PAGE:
It was the fastest I had ever driven in my life, prior to becoming a police officer. I was white-knuckling the steering wheel and since we were on the Quebec side needing to cross over back into New Brunswick, I kept praying I wouldn’t encounter any law enforcement as Luke’s life could literally depend on NOT being delayed. I crossed the bridge to New Brunswick and gunned it to Campbellton, which was where the hospital was located. I made it there in just over half the time it would have taken, under normal circumstances.

When we arrived at the hospital, I took responsibility for Luke by digging out his wallet and finding ID and a health card and contacted his father to attend the hospital. He was wheeled into the main area of the hospital where I couldn’t follow. When his father arrived, I explained what had happened and how we came to be here. He was brought back behind the door I couldn’t access to be with him. At the time, I remembered thinking how rude it was that he didn’t thank me for saving his son’s life. In retrospect, I realize he likely had bigger concerns on his mind…

With nothing left to do and no one who needed me, I left the hospital. I dropped off my passengers and headed home. I didn’t sleep that night as my mind was occupied, wondering what had become of Luke. Had he survived? Was he okay? Was he conscious? I considered calling the hospital to ask then reconsidered since I was not a member of the family and it was likely that no information would be shared with me.

It took a couple of days for my stomach to unclench and it really only happened when I had gotten word at work that Luke would be absent for a few days to recover. We worked at the same place, in case vI hadn’t mentioned that. This meant that he had survived. It wasn’t until a week later that he caught with me at a local magazine store. I remember that I was reading an article on Wing Chun in an issue of Black Belt Magazine when he walked up. He shook my hand and thanked me for saving his life. I rather think the hospital staff saved his life, but I guess it’s a matter of perspective. He asked me how he could ever thank me and all I could think to say was, “Don’t ever put yourself or anyone else in that position ever again and we’re square.”

I moved on to different things and different people after that. The event seriously altered my perspective on the people I surrounded myself with, and the activities that I allowed to happen around me. I became the puritan who opposed the consumption of alcohol and the use of drugs in my presence. This made me an outcast in the groups I had previously associated with. But I didn’t care. I had been scared straight and didn’t want to ever expose myself to that kind of a situation again. Even today, I usually won’t enjoy a drink outside of my home. And when I do, I have my one drink and be on my way. The world is too dangerous a place to allow anything more.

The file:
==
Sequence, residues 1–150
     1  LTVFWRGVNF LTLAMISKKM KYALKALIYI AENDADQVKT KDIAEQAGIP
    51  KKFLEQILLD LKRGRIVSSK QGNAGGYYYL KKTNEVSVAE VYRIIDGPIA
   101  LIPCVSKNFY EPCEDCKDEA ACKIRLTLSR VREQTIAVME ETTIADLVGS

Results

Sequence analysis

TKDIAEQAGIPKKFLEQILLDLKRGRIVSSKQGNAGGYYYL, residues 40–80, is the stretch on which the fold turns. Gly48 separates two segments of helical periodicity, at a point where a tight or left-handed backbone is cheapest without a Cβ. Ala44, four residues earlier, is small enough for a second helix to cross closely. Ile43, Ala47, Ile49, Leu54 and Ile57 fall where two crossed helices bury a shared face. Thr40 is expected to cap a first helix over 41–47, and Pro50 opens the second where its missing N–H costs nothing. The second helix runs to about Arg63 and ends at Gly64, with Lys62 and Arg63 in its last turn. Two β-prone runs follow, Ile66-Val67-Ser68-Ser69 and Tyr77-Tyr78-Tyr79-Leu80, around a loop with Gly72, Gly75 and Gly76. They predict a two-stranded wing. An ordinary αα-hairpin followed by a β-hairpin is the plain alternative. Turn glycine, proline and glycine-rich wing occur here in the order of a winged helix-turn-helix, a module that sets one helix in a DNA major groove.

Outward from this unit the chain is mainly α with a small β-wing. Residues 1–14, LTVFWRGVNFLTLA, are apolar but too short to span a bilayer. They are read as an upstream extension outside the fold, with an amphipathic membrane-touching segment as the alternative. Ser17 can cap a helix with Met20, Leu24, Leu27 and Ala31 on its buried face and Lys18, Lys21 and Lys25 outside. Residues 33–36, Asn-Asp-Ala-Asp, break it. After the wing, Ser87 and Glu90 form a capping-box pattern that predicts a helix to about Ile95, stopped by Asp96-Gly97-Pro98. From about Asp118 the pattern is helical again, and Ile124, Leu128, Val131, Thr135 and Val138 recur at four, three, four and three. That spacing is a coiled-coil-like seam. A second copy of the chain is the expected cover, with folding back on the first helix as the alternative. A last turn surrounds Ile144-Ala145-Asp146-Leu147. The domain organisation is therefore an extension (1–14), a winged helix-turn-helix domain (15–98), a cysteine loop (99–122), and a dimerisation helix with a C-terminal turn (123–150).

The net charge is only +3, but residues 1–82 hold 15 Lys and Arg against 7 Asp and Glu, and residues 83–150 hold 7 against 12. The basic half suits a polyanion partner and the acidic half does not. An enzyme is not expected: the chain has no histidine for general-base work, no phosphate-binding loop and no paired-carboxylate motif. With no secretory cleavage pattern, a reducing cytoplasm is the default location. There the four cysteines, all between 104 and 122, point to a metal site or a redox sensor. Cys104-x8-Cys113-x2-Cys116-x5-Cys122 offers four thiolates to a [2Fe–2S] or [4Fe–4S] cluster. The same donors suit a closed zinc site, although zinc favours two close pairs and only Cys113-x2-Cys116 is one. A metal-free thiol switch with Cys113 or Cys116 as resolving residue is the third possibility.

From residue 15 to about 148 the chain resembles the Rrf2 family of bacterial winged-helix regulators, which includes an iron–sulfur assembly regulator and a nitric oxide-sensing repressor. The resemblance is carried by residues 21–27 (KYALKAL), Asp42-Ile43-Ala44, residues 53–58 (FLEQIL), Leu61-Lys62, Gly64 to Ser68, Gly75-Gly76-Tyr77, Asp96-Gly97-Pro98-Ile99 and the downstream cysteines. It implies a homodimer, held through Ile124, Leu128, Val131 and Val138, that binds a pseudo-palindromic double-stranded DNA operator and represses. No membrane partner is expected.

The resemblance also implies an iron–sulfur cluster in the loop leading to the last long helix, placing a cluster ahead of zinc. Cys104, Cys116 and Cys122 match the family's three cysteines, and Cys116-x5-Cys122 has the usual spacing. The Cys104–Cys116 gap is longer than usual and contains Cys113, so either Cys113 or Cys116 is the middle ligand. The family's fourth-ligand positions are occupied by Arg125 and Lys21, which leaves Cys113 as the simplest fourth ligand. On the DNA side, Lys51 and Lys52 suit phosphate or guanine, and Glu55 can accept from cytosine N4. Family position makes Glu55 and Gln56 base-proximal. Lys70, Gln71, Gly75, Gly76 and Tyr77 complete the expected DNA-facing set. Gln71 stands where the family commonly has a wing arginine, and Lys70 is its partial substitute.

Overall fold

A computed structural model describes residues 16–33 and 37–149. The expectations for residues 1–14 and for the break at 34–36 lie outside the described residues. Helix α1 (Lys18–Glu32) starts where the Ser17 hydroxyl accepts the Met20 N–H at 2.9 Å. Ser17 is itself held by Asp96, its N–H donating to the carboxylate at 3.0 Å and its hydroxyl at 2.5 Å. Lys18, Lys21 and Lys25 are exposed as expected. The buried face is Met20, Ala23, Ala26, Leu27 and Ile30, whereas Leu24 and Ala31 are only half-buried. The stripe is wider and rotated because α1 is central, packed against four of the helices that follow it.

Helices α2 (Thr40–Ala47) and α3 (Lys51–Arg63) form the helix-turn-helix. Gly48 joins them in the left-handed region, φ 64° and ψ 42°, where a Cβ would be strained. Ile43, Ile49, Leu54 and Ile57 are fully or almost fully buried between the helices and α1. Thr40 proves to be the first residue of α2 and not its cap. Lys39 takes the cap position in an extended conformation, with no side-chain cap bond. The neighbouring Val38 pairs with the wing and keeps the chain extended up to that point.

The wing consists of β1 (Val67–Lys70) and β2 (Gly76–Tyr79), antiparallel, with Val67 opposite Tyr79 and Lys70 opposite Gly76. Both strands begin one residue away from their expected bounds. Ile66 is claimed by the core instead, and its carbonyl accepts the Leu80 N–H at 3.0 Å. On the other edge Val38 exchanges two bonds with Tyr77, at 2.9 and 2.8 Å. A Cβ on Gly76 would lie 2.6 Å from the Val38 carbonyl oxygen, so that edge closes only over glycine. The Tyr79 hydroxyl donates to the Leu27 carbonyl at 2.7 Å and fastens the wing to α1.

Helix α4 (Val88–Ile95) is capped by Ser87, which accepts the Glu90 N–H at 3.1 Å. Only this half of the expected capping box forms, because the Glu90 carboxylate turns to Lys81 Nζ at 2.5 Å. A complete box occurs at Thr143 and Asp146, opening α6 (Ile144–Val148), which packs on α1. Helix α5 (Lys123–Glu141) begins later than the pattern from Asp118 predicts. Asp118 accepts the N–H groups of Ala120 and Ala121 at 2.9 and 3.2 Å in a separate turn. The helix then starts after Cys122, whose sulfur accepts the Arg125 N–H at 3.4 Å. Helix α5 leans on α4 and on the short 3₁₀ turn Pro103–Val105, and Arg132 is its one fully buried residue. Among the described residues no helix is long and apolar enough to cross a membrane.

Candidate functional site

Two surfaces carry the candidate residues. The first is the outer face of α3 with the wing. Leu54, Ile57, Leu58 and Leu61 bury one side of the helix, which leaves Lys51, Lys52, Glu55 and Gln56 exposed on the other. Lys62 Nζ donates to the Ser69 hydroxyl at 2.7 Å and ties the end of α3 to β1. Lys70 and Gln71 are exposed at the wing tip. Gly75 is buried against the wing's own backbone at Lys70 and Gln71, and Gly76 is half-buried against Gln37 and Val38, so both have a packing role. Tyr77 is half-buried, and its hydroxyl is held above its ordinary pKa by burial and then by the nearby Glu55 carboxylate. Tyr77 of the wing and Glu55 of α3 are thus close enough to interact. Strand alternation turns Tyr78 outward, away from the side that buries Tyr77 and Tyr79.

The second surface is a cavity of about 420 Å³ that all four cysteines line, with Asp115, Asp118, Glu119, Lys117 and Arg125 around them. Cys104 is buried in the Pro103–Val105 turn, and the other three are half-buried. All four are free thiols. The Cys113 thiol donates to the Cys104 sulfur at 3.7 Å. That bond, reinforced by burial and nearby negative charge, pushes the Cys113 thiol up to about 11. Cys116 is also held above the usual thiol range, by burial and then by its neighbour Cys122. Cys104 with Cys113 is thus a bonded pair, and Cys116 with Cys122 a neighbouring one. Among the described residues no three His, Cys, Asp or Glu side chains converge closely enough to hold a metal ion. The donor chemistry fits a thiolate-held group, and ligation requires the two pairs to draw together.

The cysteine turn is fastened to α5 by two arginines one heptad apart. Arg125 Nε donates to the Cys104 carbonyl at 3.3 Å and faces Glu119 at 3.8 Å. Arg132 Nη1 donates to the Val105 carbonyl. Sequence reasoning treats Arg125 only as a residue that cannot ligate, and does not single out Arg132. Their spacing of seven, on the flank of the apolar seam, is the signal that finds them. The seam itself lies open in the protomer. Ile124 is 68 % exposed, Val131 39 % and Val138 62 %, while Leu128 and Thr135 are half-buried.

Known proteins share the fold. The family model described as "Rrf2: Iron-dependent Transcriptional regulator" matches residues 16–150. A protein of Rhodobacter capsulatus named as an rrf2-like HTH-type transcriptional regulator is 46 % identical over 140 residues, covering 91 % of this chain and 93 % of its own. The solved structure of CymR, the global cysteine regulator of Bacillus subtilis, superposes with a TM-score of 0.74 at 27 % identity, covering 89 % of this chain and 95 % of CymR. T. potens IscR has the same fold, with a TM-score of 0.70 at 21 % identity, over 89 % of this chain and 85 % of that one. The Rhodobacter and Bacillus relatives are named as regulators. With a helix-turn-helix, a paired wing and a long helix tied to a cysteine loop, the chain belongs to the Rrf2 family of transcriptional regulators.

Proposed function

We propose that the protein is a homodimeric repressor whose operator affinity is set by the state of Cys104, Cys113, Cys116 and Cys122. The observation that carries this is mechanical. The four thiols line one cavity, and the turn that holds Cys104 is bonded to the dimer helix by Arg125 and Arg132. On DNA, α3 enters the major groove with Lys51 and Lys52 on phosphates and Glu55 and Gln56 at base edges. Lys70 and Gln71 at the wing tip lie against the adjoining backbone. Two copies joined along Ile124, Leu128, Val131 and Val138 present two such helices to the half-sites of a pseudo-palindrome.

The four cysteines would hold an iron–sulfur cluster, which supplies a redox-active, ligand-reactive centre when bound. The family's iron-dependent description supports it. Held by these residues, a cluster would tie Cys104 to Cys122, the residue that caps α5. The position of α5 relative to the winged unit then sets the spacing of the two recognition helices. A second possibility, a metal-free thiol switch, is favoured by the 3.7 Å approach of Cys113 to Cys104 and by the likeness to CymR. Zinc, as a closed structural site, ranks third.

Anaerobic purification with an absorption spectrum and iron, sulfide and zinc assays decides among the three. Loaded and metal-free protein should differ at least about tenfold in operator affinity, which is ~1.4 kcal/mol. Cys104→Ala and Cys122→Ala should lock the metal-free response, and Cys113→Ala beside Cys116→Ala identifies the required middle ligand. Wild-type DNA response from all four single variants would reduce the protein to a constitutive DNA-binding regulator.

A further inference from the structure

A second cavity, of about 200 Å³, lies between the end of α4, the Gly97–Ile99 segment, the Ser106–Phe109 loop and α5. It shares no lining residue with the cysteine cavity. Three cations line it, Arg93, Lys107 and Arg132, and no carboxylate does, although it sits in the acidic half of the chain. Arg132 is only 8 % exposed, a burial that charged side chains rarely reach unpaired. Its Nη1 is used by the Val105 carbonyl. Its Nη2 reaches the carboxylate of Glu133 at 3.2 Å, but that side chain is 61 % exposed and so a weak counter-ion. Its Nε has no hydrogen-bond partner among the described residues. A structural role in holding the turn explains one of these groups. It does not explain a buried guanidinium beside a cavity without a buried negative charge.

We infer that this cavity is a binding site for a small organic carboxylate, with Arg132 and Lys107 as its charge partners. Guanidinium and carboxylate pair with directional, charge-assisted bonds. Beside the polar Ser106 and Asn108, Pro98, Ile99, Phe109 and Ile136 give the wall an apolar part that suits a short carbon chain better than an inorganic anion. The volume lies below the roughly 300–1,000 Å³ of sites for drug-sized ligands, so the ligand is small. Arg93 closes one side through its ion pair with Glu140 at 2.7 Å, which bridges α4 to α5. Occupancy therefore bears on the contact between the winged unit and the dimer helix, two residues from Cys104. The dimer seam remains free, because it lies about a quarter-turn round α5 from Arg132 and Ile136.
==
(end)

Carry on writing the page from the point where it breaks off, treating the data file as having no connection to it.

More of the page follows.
I think about Luke once in a while and wonder what ever became of him. Did he change his habits? Turn his life around? The focus of this post isn’t about my intervening in the situation. It’s about how quickly one’s vices can get out of hand, often with deadly consequences. Most people will be inclined to defend their choices. But it isn’t until you’re in the mud that you realize you’re sinking. And by that point, it can be too late. Moderation is key. I often enjoy a glass of wine of a vodka soda in the comfort of my home. I do so for the relaxing effect, the flavour experience and because I feel safe at home. But i have the distinct pleasure of knowing that I‘ll never find myself in that kind of a situation unless it’s to once again come to someone’s aid. And neither should you. Food for thought…☯️

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Shawn

I am a practitioner of the martial arts and student of the Buddhist faith. I have been a Type 1 Diabetic since I was 4 years old and have been fighting the uphill battle it includes ever since. I enjoy fitness and health and looking for new ways to improve both, as well as examining the many questions of life. Although I have no formal medical training, I have amassed a wealth of knowledge regarding health, Diabetes, martial arts as well as Buddhism and philosophy. My goal is to share this information with the world, and perhaps provide some sarcastic humour along the way. Welcome!